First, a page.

• The director of network and infrastructure at inland Southern California's largest school district reflects on his experiences and provides recommendations for preventing cyber attacks. CNUSD needed a solution that was simple to use and not overly technical. We also didn’t want it to require a tremendous amount of professional services or a steep learning curve. It also had to be easy to implement and maintain. We reached out to a security analyst who recommended the Imperva Incapsula website protection service.

  • GDPR will affect all EU-based companies, and all US companies that have any trade with the EU. Despite the threat of hefty non-compliance fines, Gartner is not alone in finding a lack of preparatory urgency among organizations. "The Gartner data aligns with a survey Imperva recently conducted of IT security professionals at RSA," Imperva's chief product strategist Terry Ray told SecurityWeek. "Our data showed an overall lack of urgency among the IT professionals surveyed, with only 43 percent of respondents indicating that they are evaluating or implementing change in preparation for GDPR."

  • Featured article by Terry Ray, Chief Product Strategist for Imperva, Inc. Well-talked about in international circles, the European General Data Protection Regulation (GDPR) is a new regulation to protect the privacy of European citizens – however, many people may not realize that it applies to all businesses that hold and process personal data collected in the European Union, regardless of their industry or location. It becomes effective on May 25, 2018, so there is just over a year to prepare. It sounds like a long way off, but will there be enough time for your company to comply?

  • “Fundamental to digital transformation is that enterprises are simply generating more data than ever before. It’s part and parcel of a knowledge-driven economy and how enterprises create and deliver value. All of this data—stored in an ever-shifting array of locations and repositories—simply presents more opportunity to the cybercrime industry.”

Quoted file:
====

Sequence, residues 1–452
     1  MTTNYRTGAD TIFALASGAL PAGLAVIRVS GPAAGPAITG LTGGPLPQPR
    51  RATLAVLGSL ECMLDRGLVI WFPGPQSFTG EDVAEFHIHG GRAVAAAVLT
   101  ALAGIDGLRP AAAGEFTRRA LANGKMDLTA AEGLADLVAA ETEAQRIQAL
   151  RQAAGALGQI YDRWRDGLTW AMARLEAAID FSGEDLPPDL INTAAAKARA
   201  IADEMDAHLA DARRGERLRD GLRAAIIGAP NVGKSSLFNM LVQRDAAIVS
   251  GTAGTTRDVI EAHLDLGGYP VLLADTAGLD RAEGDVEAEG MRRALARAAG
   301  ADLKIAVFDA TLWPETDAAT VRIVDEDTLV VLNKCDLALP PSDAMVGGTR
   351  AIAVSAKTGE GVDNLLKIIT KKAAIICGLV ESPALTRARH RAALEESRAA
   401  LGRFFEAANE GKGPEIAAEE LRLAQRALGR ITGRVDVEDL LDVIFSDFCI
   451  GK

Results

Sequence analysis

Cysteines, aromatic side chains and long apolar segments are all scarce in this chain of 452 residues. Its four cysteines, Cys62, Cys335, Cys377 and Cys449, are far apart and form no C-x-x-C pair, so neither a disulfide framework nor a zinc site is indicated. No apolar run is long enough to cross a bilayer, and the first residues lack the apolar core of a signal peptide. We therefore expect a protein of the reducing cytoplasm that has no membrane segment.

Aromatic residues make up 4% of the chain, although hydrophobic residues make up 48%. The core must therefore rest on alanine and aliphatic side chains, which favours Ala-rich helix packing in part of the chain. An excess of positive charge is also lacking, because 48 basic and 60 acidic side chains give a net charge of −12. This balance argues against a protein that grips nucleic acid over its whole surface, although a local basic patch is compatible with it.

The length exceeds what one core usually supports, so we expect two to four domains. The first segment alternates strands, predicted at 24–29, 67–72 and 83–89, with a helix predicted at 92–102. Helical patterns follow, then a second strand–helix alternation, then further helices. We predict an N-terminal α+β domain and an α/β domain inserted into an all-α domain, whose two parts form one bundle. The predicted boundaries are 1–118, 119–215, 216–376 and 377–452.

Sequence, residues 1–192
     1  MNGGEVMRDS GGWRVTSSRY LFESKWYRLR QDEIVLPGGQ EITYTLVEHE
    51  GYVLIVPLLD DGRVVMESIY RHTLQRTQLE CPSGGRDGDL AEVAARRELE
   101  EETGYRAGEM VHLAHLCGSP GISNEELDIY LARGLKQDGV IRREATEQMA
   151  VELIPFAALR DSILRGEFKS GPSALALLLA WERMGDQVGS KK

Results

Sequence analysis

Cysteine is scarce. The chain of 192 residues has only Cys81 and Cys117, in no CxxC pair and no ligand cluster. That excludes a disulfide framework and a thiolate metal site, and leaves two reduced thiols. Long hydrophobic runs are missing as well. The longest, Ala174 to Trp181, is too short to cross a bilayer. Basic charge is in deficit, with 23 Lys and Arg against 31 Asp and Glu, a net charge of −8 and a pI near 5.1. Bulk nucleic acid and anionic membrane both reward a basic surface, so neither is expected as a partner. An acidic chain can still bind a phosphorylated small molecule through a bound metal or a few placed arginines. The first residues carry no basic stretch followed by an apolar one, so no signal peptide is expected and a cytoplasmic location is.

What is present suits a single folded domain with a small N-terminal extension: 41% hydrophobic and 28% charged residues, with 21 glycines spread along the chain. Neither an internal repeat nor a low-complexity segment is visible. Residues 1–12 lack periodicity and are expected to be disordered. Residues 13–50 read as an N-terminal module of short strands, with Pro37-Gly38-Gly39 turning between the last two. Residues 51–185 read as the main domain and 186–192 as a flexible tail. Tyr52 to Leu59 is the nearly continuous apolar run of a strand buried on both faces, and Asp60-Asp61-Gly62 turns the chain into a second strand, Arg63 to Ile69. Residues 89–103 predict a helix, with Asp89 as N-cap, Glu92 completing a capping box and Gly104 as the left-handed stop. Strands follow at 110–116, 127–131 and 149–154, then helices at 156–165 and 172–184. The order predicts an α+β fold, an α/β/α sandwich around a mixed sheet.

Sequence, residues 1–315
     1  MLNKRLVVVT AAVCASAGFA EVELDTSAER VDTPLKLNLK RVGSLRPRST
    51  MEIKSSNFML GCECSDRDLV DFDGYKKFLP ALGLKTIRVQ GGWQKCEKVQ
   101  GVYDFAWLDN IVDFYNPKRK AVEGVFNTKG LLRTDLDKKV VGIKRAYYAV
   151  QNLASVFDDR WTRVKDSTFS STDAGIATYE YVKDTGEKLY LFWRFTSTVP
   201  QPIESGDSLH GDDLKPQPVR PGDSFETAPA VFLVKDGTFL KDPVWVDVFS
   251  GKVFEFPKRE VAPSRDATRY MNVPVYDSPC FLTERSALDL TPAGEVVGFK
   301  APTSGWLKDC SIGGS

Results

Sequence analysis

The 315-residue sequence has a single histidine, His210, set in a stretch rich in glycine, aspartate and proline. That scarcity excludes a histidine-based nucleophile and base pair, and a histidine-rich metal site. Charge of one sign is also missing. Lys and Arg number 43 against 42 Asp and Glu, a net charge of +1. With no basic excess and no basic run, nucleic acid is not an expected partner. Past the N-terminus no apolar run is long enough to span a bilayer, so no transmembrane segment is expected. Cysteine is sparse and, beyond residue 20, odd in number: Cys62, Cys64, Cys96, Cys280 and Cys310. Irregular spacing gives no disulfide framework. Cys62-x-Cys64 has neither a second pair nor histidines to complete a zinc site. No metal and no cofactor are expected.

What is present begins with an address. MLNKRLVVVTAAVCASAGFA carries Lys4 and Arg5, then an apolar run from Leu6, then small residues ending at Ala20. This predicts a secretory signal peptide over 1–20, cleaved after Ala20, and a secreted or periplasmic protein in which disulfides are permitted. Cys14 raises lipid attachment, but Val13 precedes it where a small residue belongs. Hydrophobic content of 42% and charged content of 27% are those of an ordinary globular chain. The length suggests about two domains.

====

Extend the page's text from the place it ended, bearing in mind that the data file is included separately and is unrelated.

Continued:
• A fat-fingered human accidentally broke a transatlantic internet backbone that knackered Cloudflare's content delivery network in the US. Incapsula shows some transit issues around 0926 PT, hours after Cloudflare's stumble.

  • What is the current state of company preparedness for the European General Data Protection Regulation (GDPR)? An Imperva survey has sought to answer this question. The survey of 170 security professionals was taken at RSA 2017, the world’s largest security conference. “US companies should be evaluating the impact GDPR will have on their data practices, given the major fines for non-compliance,” said Terry Ray, chief product strategist at Imperva.

  • Netflix has learned a valuable lesson about ransomware: that is that you should pay up if you really don't want to get burned. "Hackers are looking for the largest payday possible. Why target an individual and request a few hundred dollars, when you can put in almost the same effort and get tens of thousands of dollars or even millions from a major media organisation?," pondered Ajay Uggirala, director at security firm Imperva.

  • Security is really a means to an end, and that end is for the business to succeed. “A successful CISO needs to be both strategic — long-term plan, collaborate with teams, communicate to executive management and the board — and tactical. The devil is in the details,” said Imperva CISO Shahar Ben-Hador in a blog post. “As a CISO, I have to assess what’s going to be a fundamental technology over a longer period of time and what’s fundamental for our business.”